104 G. Eri is a blue main sequence dwarf star that can be located in the constellation of Eridanus. HIP16677 is the reference name for the star in the Hipparcos Star Catalogue. The Id of the star in the Henry Draper catalogue is HD22243. The Id of the star in the Gould Star Catalogue is 104. Stars in the southern hemisphere are more likely to have a Gould Id than the northern hemisphere. For example, there are no Gould classified stars in Ursa Major.
The location of the star in the galaxy is determined by the Right Ascension (R.A.) and Declination (Dec.), these are equivalent to the Longitude and Latitude on the Earth. The Right Ascension is how far expressed in time (hh:mm:ss) the star is from celestial equator. The Declination is how up or down compared to the celestial equator and is expressed in degrees. For 104 G. Eri, the location is 03h 34m 37.46 and -09 d 52`05.8 .
All stars like planets orbit round a central spot, in the case of planets, its the central star such as the Sun. In the case of a star, its the galactic centre. The constellations that we see today will be different than they were 50,000 years ago or 50,000 years from now. Proper Motion details the movements of these stars and are measured in milliarcseconds. The star is moving 005.00 ± 000.00 towards the north and 022.00 ± 000.00 east if we saw them in the horizon.
Luminosity is the amount of energy that a star pumps out and its relative to the amount that our star, the Sun gives out. The figure of 17.0000000 that I have given is based on the Spectral Types page that I have found on the Internet. You might find a different figure, one that may have been calculated rather than generalised that I have done. The figure is always the amount times the luminosity of the Sun. It is an imprecise figure because of a number of factors including but not limited to whether the star is a variable star and distance.
104 G. Eri has a spectral type of A2V. This means the star is a blue coloured main sequence dwarf star. The star has a B-V Colour Index of 0.01 which means the star's temperature has been calculated using information from Morgans @ Uni.edu at being 9,392 Kelvin.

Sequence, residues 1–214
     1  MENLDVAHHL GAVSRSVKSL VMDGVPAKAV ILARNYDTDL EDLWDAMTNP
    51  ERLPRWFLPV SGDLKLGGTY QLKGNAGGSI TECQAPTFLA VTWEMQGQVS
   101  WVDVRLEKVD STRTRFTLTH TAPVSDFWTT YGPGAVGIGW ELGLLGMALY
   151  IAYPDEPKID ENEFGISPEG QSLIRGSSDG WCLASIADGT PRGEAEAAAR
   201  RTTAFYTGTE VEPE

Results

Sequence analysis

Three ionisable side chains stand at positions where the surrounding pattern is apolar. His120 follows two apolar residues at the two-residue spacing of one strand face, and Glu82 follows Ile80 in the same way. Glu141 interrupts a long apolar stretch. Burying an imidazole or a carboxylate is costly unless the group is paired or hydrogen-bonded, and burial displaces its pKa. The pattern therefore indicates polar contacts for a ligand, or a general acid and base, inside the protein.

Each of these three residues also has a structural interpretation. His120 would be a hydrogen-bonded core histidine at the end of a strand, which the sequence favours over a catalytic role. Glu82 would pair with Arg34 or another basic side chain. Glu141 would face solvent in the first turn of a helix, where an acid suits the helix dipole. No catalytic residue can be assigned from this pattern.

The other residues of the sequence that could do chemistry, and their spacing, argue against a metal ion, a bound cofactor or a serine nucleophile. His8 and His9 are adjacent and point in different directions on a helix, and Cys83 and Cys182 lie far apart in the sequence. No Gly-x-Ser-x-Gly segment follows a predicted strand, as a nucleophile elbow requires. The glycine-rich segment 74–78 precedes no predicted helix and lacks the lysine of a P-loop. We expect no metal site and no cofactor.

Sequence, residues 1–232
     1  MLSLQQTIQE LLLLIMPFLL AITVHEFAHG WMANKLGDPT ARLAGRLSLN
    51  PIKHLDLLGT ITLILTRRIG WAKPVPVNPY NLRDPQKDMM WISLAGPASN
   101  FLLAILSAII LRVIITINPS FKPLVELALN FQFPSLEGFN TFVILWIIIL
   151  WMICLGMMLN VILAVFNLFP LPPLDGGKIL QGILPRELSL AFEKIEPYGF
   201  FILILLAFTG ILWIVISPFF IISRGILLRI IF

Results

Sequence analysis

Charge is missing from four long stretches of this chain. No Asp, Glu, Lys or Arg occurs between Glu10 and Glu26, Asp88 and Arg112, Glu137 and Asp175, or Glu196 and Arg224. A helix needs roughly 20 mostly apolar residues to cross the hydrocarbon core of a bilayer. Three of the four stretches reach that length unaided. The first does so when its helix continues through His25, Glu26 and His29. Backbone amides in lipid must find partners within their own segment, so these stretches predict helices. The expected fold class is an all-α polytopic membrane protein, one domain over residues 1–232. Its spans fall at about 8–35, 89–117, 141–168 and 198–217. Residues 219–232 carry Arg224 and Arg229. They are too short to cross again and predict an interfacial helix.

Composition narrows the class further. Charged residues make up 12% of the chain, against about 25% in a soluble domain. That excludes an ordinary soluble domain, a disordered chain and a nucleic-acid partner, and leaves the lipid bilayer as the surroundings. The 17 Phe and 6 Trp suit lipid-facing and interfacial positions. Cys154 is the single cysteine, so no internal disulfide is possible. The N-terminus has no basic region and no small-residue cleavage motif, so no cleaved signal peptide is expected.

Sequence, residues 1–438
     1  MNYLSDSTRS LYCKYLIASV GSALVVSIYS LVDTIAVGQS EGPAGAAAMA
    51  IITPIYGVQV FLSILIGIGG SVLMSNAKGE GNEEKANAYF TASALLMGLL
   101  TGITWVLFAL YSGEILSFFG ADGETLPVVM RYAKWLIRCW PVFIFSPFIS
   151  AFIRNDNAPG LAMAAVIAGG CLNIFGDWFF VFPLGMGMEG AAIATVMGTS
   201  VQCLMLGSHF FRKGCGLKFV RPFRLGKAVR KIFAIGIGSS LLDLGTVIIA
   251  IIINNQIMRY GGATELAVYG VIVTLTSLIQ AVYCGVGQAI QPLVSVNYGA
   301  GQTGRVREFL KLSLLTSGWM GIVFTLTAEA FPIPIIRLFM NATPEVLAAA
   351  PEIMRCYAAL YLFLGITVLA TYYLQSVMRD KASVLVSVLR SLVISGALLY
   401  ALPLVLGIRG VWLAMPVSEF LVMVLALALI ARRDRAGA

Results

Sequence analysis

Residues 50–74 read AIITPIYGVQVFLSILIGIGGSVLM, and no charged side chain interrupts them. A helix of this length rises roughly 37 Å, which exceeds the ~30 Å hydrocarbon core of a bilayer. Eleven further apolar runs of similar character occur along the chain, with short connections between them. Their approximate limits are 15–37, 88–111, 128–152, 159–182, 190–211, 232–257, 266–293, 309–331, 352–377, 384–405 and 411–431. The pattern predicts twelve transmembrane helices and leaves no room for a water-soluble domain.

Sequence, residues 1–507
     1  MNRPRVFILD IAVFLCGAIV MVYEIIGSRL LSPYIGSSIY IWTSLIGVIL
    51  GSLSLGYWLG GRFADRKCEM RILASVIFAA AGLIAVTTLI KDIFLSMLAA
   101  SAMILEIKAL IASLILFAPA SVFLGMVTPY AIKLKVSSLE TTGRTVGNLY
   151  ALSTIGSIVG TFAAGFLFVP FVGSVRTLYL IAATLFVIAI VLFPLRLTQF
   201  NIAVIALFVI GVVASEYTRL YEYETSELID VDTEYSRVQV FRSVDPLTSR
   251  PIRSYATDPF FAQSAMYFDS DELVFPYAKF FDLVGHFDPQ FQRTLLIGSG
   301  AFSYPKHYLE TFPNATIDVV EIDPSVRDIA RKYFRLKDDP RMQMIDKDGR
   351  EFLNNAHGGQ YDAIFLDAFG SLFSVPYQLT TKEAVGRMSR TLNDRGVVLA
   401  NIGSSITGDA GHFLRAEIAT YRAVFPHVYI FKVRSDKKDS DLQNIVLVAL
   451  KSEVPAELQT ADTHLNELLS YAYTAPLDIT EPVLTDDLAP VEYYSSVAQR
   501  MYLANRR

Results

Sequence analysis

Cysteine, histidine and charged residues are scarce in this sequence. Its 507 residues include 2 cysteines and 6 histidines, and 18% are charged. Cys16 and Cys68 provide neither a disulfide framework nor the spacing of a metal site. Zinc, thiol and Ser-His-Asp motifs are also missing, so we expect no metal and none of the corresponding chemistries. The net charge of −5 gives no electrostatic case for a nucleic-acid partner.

104 G. Eri has been calculated as 3.31 times bigger than the Sun.The Sun's radius is 695,800km, therefore the star's radius is an estimated 2,300,754.54.km.
104 G. Eri has an apparent magnitude of 6.25 which is how bright we see the star from Earth. Apparent Magnitude is also known as Visual Magnitude. If you used the 1997 Parallax value, you would get an absolute magnitude of 0.14 If you used the 2007 Parallax value, you would get an absolute magnitude of 0.48. Magnitude, whether it be apparent/visual or absolute magnitude is measured by a number, the smaller the number, the brighter the Star is. Our own Sun is the brightest star and therefore has the lowest of all magnitudes, -26.74. A faint star will have a high number.
Using the original Hipparcos data that was released in 1997, the parallax to the star was given as 6.00 which gave the calculated distance to 104 G. Eri as 543.61 light years away from us or 166.67 parsecs. In 2007, Hipparcos data was revised with a new parallax of 7.00 which put 104 G. Eri at a distance of 465.95 light years or 142.86 parsecs.
The source of the information if it has a Hip I.D. is from Simbad, the Hipparcos data library based at the University at Strasbourg, France. Hipparcos was a E.S.A. satellite operation launched in 1989 for four years. The items in red are values that I've calculated so they could well be wrong. Information regarding Stellar Age, Metallicity or Mass is from the E.U. Exoplanets. The information was obtained as of 12th Feb 2017.
|Traditional Name||104 G. Eri|
|Hipparcos Library I.D.||16677|
|Henry Draper Designation||22243|
|Absolute Magnitude||0.14 / 0.48|
|Right Ascension (R.A.)||03h 34m 37.46|
|Declination (Dec.)||-09 d 52`05.8|
|1997 Distance||6.00 Parallax (milliarcseconds)|
|543.61 Light Years|
|2007 Distance||7.00 Parallax (milliarcseconds)|
|465.95 Light Years|
|Proper Motion Dec.||5.00 ± 0.00 milliarcseconds/year|
|Proper Motion RA.||22.00 ± 0.00 milliarcseconds/year|
|Star Type||main sequence dwarf star|
|Radius (x the Sun)||3.31|
|Luminosity (x the Sun)||17.0000000|
|Calculated Effective Temperature||9,392 Kelvin|